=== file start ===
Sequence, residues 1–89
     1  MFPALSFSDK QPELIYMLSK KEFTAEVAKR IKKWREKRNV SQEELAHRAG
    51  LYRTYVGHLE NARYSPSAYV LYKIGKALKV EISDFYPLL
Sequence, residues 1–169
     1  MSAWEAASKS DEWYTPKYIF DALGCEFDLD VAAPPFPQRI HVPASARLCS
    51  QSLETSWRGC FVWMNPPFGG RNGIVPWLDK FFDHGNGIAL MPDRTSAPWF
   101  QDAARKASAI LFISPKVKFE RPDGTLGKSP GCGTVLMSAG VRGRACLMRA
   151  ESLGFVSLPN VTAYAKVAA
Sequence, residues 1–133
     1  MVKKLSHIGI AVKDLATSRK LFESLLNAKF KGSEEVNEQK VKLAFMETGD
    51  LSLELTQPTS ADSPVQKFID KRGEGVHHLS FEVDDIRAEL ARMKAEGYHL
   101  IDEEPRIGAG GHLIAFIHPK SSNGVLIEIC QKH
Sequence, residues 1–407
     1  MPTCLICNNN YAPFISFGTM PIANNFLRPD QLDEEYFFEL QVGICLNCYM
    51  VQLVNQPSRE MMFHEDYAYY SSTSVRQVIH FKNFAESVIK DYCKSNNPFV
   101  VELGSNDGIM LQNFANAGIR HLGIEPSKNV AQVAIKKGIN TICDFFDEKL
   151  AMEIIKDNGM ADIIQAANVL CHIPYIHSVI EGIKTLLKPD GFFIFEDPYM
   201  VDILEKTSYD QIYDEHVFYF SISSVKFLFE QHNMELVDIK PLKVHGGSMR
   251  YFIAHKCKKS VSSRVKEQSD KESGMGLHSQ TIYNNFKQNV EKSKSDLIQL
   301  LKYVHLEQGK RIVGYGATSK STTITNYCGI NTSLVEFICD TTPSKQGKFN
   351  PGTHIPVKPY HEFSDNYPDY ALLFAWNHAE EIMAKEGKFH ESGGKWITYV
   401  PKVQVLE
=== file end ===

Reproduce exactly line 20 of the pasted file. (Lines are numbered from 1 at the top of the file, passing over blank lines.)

   301  LKYVHLEQGK RIVGYGATSK STTITNYCGI NTSLVEFICD TTPSKQGKFN